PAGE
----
Very busy summer, for lots of people besides us.

Good farming!  Regular rains bear out what Dan Kittredge says about hydration:  just keeping your plants watered will make a really big difference in productivity, not only because plants need water, but because they need water to conduct the minerals they need, and because their symbiotic soil bacteria and fungi need water to live and do their jobs, too.  Now, in early July, the potatoes are waist high (no kidding) and a beautiful dark green, with no potato bugs.  Wow.  By this time our gardens have usually been the battle ground of many a campaign against potato bugs, with victory still divided between the humans and the insects.  Not that the only defense has been regular hydration; we’ve fed these plants three doses of very stinky jeeva (see previous post on ‘poo-brew).


IMG_5287[1]How much of Appalachia is disappearing under our up to eight-foot-tall invasive species, Japanese knotweed?  Known locally as ‘river weed’, this one moves in wherever there is bare ground in mixed sunlight and shade.  It spreads by means of underground stems like octopus tentacles, and its vigor has to be seen to be believed.  We’re supposed to fight it with bulldozers and herbicides, but our Katahdins love the stuff.  Look where they were grazing last week:IMG_5283[1]

several passes this summer with the sheep should start this bank filling in with grass . . .



Spring has come just in time to save our dispositions!  The young apple tree on the bank of the root cellar has broken out in bloom, the cows are out on good green grass at last, and the heifer calf that got herself stuck in a hot fence and was laid up in the nurse pen has found a new interest and is out with the ewes and lambs.  IMG_5155

— and the peas and carrots we put out in hope back in February are reaching for the sun!IMG_5156

See you in Asheville — #MENF !

We took a trial run down to Asheville for a workshop on bionutrients by Dan Kittredge at Living Web Farms.  It was wonderful, and the little city of Asheville is one of the most beautifully situated we have ever seen, very much at home in its mountains.  We’re looking forward to going back in two weeks to speak at the Mother Earth News Fair, May 6-7, on rotational grazing and regenerating abused land.  Hope to see you there — #MENF!babybull1These are season-appropriate topics, we think, as we move animals over the gorgeous new green grass and marvel at how much the land has improved since we first began intensively grazing what was then some much-eroded, compacted, weed- and briar-infested rock and clay hillside.   Delphinium, our five-year-old Jersey-Ayershire cross, calved last week, a lovely little red bull, so now we have milk for cheese making — just in time, too, as there are only two more seven-pound goudas left from the fall cheese-making last year.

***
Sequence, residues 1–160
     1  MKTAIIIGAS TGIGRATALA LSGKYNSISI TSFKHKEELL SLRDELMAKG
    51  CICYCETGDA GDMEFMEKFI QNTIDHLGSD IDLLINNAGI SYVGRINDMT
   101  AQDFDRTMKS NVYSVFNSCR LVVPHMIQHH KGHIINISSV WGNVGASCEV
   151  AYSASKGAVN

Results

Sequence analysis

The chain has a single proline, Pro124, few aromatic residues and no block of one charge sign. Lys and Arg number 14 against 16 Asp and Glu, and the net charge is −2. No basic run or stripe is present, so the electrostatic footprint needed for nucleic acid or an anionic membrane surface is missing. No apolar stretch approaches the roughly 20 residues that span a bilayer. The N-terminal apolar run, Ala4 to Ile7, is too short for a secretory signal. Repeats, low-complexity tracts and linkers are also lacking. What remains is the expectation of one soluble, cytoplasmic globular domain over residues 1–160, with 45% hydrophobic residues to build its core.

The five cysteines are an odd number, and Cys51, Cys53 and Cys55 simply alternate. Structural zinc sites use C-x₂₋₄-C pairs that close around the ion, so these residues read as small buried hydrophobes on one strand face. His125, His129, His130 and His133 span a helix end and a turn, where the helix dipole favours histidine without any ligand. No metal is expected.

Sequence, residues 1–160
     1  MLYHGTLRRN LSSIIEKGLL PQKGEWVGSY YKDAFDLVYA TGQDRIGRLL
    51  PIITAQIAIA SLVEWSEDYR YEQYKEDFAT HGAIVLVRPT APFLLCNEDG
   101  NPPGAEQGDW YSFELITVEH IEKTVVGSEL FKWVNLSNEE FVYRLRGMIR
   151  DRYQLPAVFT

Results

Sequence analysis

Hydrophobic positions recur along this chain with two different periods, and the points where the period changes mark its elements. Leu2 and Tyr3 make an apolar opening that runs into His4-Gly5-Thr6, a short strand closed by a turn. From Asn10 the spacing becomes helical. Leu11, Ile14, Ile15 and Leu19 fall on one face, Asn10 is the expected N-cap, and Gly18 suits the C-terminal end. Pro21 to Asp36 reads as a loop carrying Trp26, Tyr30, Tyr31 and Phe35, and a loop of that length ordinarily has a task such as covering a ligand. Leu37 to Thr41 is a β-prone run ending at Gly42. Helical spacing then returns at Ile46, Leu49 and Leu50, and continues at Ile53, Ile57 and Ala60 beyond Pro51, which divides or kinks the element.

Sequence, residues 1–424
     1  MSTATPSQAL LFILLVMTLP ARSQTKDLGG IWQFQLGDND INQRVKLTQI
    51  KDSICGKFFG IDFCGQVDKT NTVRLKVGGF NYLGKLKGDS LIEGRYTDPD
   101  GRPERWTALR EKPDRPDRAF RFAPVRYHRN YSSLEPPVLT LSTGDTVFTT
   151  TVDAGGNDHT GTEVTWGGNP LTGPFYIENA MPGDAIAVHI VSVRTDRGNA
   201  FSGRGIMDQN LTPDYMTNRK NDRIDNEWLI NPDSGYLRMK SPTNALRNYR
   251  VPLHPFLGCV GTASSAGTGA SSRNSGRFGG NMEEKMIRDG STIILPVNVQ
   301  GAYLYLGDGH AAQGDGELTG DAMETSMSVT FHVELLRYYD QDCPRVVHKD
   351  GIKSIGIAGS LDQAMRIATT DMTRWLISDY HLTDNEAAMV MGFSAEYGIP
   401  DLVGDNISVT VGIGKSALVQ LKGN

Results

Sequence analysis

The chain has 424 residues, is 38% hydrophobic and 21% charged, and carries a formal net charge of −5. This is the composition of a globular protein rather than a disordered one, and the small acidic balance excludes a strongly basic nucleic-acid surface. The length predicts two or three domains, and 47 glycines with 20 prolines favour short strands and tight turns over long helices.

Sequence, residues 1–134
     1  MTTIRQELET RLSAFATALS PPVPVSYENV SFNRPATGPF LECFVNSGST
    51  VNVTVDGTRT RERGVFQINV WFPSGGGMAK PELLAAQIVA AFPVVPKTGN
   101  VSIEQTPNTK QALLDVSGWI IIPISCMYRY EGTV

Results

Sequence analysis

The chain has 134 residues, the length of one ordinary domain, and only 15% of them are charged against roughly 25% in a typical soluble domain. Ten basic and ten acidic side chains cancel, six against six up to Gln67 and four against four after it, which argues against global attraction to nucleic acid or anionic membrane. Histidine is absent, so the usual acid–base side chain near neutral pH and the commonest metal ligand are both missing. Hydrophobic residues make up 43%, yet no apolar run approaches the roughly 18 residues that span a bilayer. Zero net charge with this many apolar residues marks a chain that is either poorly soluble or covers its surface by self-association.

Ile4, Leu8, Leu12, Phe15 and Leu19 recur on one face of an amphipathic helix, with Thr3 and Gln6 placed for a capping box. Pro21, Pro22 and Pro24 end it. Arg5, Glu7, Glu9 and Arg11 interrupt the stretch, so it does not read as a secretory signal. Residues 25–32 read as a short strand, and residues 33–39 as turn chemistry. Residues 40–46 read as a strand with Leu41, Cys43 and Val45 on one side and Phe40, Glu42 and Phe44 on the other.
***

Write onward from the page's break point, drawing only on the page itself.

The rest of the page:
Known around here under the euphemism ‘poo-brew’.  Mix it up in a 55 gallon barrel:  cow manure, cow urine (we catch it in a bucket when someone forgets where she is and pees in the milking parlor), a couple of handfuls of dirt from an undisturbed site like maybe the woodlot, or under a bush, plus some jaggery (raw sugar) and bean flour.  Recommended proportions vary widely.  Top the barrel up with water and stir once a day for up to a week.  The smell is more than intense!  We used this on and under the winter squash lasts summer.  Beautiful large crop, despite the fact that the soil in that bed was mostly clay.

We post this to say that we have had, we think, excellent success substituting whey (a gallon or two) for the jaggery and bean flour — still contains sugar and protein, but tons of probiotics, too.

jobs for chickens

chickens in low tunnel   Thirteen mixed hens, mostly Rhode Island Reds, are all that is left of the flock of two years ago, the year the coyotes were so bold in daytime raids.  We keep them separate from the Buckeyes which have replaced them, mostly using the Reds to groom pastures or till green manures into the big garden plots, but they have laid decently for us on their diet of mixed fermented grains, meat scraps, and greens, with a little dairy waste thrown in.

This winter they have been housed in one of the tall chicken tractors (there’s a picture  somewhere, but all I can find is this one of hens in a low tunnel), plastic covered, and furnished with two nesting boxes — these last have been mostly extraneous, but one fertile hen has continued to make her offering every day.  We park the tractor in the home garden, where it just straddles two 30 inch beds and the path between them; in two days the chickens have ripped out all the chickweed we are so prone to in winter.  Then we move them forward.  It’ll be weeks before they’ve cleaned all the beds we need done.  We could just let them out to forage the whole garden during the day, since that plot is tightly fenced, but the high tunnel full of spinach is in there, too, and with the warm weather we’ve been having the tunnel has had to be left open, and wouldn’t the hens have a hayday in there if they could.  Better to keep them penned (the chickens don’t agree) and keep their impact concentrated where it does the most good.

We were asked recently about regenerative techniques for land adjacent to an auto shop which appeared to be laden with automotive chemicals.  So far corn, sunflowers and brassicas are coming to the top of the list in our research.

Just a note:  if we were growing these plants on contaminated soil, we would probably cut and compost them initially, certainly we would not graze them with meat or dairy animals, since heavy metals tend to get concentrated in muscle and milk —